Who doesn’t love to snuggle up and watch a good film? But what’s better is when once the film is finished, you’re not sad, you want to live the film in your own life.
Women are not fairly represented in many aspects (let’s face it, the majority) of society, so these films, to quote Patsy from Absolutely Fabulous are ‘a Prozac raindrop from a thundercloud of depression’. According to WISE, in 2019, women made up 24% of the core-STEM (Science, Technology, Engineering and Mathematics) workforce. Believe it or not, this is actually an improvement on previous years. So approximately 1 person out of 4 in STEM careers is a woman. Long way to go yet isn’t there? And those stats are just for STEM. What about the other aspects we’re not equally represented in – not to mention equally paid?
Sadly, with few women getting the credit they deserve, from women as well as men, feminist films are like manna from heaven. You get a sense of pride and determination from the struggles many of these women had to overcome, lessons they learnt and a pride in yourself for following in their footsteps (or along a similar path). Proper fire in the belly, shouting from the rooftop vibes, especially for me who has previously been told, at the time, that I make out my degree is harder than it actually is, and on a separate occasion, that I should talk about housework. I’m sure those who know me well can imagine the internal rage that I was covering with a ‘smile’.
If you need to feel inspired or to see that strong, inspirational women have been around the whole time, they are only being publicised now, make sure you watch these. I always feel better for watching them.
So, in no particular order; add these to your ‘To Watch’ list NOW. You won’t regret it!
Erin Brockovich (2000)
If I could meet anyone, I would love to meet Erin. She is someone who personifies sheer determination, strong sense of self and sass. She is a force of nature. Erin brought down, almost single-handed Pacific Gas & Electric Company in one of the largest settlements ever paid in a direct action lawsuit in US history, whilst raising 3 children as a single mother and overcoming judgement for how she dresses and her background. Julia Roberts plays Erin (and rightfully won an Osar for Best Actress) and Albert Finney plays her lawyer and colleague Ed Masry. Both give amazing performances with brilliant quips, and you are soon sucked into this emotional rollercoaster.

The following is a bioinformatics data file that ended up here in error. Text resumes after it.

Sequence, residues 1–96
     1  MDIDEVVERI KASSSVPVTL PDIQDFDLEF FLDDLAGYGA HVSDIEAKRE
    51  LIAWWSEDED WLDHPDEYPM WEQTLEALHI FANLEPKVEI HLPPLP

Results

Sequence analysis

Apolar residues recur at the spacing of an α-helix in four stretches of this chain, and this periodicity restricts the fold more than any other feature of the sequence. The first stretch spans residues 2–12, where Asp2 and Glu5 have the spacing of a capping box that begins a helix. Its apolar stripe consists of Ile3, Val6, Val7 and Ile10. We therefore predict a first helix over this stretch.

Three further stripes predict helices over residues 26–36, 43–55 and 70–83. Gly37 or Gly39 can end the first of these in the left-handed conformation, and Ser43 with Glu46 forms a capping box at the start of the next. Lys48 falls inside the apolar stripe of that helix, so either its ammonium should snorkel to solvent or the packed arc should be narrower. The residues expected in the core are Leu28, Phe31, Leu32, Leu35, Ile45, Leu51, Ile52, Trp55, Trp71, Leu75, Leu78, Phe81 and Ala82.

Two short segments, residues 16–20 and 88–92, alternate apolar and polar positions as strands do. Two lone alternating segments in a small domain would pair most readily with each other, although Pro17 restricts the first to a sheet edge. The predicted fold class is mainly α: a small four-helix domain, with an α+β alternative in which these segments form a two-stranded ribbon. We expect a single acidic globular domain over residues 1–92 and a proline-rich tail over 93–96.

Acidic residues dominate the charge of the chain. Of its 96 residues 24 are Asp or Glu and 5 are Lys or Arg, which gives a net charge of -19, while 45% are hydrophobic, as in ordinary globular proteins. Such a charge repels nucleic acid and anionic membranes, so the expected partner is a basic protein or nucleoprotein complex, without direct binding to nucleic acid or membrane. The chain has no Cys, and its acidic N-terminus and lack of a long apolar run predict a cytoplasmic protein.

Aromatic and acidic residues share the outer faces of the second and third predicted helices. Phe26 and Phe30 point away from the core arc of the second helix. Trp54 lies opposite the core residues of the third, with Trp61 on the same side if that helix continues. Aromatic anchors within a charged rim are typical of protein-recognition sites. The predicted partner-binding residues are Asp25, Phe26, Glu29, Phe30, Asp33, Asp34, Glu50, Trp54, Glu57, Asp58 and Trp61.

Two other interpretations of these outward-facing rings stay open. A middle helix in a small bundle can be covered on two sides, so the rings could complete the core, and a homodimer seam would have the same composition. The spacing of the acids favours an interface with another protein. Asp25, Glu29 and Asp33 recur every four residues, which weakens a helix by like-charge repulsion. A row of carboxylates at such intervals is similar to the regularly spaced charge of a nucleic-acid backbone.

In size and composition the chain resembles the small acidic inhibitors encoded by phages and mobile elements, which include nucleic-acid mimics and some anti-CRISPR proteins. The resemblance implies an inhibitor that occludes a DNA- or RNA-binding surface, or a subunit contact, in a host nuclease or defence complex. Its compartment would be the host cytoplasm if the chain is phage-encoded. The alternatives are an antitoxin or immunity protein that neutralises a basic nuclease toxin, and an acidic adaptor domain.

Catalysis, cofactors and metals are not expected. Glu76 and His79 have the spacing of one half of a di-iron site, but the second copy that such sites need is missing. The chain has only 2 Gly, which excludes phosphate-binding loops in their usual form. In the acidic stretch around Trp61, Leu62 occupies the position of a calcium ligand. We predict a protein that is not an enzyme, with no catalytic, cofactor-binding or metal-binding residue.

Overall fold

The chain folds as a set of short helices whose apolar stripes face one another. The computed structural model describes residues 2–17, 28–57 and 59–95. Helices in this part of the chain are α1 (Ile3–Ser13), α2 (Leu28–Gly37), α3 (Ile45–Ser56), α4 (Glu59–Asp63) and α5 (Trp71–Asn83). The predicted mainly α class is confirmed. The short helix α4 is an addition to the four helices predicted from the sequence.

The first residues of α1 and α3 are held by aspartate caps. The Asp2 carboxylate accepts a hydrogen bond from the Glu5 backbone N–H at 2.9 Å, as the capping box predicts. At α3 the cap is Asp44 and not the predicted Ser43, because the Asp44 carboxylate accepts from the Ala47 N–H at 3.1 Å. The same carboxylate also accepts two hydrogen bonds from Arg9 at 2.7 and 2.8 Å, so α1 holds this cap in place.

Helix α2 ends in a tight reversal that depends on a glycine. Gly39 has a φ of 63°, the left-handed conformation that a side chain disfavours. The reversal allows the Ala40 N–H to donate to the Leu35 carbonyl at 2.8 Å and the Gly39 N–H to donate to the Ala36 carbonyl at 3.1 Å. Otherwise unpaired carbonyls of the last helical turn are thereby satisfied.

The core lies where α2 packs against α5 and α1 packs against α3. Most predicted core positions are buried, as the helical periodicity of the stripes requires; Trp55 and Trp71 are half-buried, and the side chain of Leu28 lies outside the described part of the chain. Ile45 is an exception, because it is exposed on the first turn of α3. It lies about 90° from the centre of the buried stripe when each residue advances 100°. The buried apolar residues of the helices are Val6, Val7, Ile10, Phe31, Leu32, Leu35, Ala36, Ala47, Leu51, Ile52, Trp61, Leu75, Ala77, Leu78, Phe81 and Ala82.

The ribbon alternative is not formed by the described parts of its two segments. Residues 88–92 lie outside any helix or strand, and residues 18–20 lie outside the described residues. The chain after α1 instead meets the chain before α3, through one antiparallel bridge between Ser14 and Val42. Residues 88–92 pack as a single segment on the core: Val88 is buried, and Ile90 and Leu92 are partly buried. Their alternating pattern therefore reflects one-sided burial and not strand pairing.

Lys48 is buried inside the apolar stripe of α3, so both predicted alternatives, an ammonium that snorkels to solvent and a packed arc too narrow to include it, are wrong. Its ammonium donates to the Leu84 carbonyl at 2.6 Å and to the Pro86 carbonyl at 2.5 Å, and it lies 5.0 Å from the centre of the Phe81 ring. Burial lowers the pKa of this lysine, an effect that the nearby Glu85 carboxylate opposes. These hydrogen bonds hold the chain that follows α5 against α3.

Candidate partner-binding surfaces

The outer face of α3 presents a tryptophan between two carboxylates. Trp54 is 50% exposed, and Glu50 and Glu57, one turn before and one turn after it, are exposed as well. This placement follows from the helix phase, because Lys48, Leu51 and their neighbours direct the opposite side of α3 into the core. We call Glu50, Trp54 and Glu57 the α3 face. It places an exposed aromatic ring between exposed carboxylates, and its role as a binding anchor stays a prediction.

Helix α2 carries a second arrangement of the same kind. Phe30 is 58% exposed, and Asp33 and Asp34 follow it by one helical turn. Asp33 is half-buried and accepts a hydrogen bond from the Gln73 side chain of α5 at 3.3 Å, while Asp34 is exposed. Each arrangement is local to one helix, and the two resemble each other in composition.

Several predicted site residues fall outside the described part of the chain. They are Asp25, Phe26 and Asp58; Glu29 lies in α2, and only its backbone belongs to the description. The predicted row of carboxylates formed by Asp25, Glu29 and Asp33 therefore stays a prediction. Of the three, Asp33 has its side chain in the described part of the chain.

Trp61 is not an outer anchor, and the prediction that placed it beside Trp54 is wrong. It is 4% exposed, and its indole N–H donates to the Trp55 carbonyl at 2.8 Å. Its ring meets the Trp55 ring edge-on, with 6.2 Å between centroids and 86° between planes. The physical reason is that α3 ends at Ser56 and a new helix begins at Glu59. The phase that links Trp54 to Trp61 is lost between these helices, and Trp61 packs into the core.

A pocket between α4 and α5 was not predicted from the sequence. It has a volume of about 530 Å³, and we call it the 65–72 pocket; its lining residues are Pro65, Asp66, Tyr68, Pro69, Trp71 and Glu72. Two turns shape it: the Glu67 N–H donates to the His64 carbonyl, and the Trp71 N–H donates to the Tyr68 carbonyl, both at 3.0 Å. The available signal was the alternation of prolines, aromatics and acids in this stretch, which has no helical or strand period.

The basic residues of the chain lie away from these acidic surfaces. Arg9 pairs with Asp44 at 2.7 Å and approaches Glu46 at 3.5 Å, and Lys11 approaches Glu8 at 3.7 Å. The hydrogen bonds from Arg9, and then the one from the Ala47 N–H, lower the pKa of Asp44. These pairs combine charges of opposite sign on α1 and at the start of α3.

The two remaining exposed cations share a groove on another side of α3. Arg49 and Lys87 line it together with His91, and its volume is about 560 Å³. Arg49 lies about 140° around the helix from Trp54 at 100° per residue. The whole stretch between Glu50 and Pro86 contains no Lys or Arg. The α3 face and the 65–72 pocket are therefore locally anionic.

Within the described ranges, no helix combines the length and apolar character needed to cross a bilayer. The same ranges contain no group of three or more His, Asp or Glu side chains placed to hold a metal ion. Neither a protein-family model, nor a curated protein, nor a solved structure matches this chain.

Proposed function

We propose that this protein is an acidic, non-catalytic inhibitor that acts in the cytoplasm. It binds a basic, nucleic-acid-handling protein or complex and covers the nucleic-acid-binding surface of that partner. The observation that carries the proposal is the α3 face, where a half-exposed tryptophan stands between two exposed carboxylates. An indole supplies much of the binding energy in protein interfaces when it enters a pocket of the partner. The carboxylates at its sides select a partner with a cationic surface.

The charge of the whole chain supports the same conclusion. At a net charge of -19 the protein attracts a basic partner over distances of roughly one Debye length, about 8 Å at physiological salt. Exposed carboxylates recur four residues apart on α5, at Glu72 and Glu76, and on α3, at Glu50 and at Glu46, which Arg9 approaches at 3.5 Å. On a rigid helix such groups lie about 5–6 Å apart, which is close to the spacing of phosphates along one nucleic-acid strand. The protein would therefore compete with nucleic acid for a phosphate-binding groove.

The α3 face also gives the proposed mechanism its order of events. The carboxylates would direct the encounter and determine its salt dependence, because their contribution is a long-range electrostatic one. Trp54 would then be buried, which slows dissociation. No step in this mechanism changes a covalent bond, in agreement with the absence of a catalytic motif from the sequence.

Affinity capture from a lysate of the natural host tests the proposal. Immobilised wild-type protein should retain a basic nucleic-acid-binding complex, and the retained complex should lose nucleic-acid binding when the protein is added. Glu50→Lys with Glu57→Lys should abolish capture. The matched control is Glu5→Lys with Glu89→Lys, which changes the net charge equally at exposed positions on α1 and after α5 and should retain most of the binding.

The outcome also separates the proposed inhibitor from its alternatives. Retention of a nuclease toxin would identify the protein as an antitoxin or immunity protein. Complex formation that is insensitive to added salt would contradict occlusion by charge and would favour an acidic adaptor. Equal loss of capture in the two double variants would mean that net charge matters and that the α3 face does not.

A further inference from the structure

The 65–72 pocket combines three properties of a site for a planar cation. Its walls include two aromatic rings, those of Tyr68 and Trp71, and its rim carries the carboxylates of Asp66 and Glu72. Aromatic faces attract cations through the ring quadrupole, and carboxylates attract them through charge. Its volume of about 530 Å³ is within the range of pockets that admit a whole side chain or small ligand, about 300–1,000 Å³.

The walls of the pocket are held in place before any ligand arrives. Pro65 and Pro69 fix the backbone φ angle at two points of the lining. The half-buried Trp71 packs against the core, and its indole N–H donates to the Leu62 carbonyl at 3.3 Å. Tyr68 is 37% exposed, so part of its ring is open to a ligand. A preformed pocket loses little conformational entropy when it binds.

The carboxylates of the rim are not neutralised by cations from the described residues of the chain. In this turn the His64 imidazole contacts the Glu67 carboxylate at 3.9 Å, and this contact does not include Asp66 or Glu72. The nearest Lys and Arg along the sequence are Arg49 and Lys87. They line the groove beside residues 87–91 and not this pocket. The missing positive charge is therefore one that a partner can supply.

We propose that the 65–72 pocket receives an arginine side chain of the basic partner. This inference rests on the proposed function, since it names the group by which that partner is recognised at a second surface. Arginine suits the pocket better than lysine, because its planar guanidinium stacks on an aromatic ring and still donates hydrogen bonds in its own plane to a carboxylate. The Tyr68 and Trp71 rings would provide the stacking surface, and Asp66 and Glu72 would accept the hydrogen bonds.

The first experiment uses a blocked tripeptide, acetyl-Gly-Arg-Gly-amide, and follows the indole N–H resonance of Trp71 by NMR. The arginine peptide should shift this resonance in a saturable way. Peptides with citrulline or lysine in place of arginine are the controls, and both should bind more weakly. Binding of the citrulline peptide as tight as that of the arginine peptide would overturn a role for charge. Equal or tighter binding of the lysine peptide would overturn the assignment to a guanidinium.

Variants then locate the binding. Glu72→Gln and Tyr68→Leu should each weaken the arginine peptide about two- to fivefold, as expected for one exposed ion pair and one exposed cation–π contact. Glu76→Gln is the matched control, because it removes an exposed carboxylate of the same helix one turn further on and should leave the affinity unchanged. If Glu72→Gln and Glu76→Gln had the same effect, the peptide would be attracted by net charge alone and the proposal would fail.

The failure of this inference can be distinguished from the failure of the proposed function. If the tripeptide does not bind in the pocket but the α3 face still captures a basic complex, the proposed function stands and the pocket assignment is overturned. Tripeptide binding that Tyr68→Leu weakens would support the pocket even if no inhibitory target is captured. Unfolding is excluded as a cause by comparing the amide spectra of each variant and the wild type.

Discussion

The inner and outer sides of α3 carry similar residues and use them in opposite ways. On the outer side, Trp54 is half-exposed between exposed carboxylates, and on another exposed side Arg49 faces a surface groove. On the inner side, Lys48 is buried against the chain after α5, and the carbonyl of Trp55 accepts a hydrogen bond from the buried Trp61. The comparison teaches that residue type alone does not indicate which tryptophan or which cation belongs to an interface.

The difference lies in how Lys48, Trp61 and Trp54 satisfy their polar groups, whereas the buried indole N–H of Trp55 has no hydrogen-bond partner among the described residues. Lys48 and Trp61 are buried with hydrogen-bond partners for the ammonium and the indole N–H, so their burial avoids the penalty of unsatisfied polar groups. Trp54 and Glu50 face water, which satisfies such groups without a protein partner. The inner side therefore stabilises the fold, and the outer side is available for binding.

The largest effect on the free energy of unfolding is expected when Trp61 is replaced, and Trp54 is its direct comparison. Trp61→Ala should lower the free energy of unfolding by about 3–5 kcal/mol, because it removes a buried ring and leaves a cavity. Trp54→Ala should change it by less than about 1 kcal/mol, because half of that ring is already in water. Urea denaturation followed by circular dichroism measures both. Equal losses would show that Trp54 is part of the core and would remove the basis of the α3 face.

‘Well as long as I have one ass instead of two, I’ll wear what I like – if that’s all right with you?’Erin Brockovich, 2000
Legally Blonde (2001)
Sticking with the legal theme, I am sure that many of you will have seen this much-loved film. Elle Woods, a Gemini vegetarian, played by Reese Witherspoon is, to be blunt, considered a blonde ‘bimbo’. Her boyfriend Warner managed to get into Harvard Law School and dumps her for a more ‘serious’ partner. To win his affections back, she is determined to secure a place at the prestigious University, with all her friends behind her. She finds out that people do not all have the same outlook as her and is soon isolated and made fun of. Making friends with those you would not expect, she quickly finds out who she is and what she is capable of, other people’s true colours, and how she does not have to sacrifice her love of pink to be respected.
Warner – ‘YOU got into Harvard Law?’
Elle – ‘What? Like it’s hard?’Legally Blonde, 2001
Disney films are synonymous with growing up. Nappies, high chairs, education and Disney. Of course, some of the early animations are a bit saccharine. I love Snow White, but something of the stereotypical sweet female role is a bit grating. But give it it’s dues, it was made in the 1920s.
Some might say that any romantic story is unrealistic, but there’s nothing wrong with being a romantic at heart, everyone wants to find their happy ever after. One happy ever after is just different to another. Brave, after Mulan (1998), breaks the mould of the regular fairy tale/Disney Animations.